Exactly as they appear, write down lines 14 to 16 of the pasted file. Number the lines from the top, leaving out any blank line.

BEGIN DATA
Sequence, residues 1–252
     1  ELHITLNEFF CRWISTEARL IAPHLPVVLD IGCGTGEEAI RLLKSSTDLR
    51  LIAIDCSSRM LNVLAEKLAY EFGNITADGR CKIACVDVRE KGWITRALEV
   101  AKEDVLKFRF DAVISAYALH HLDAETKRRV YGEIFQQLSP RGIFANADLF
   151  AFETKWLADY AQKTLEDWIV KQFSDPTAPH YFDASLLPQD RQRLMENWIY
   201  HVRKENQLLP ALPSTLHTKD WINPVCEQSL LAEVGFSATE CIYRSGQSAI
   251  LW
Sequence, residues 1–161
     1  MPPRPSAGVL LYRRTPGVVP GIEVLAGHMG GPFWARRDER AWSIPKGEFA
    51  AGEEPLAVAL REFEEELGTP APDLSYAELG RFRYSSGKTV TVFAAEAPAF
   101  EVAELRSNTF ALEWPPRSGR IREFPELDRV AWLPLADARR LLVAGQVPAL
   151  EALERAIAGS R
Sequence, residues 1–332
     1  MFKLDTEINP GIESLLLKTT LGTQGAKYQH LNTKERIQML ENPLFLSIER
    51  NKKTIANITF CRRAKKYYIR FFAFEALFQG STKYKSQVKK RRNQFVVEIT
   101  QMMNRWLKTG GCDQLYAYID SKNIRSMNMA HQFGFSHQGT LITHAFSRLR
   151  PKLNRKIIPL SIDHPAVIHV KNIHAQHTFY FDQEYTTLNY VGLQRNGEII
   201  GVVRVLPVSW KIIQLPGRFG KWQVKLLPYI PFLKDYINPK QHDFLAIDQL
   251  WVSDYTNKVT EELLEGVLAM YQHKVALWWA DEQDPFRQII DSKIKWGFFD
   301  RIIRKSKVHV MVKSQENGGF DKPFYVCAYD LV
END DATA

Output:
     1  MFKLDTEINP GIESLLLKTT LGTQGAKYQH LNTKERIQML ENPLFLSIER
    51  NKKTIANITF CRRAKKYYIR FFAFEALFQG STKYKSQVKK RRNQFVVEIT
   101  QMMNRWLKTG GCDQLYAYID SKNIRSMNMA HQFGFSHQGT LITHAFSRLR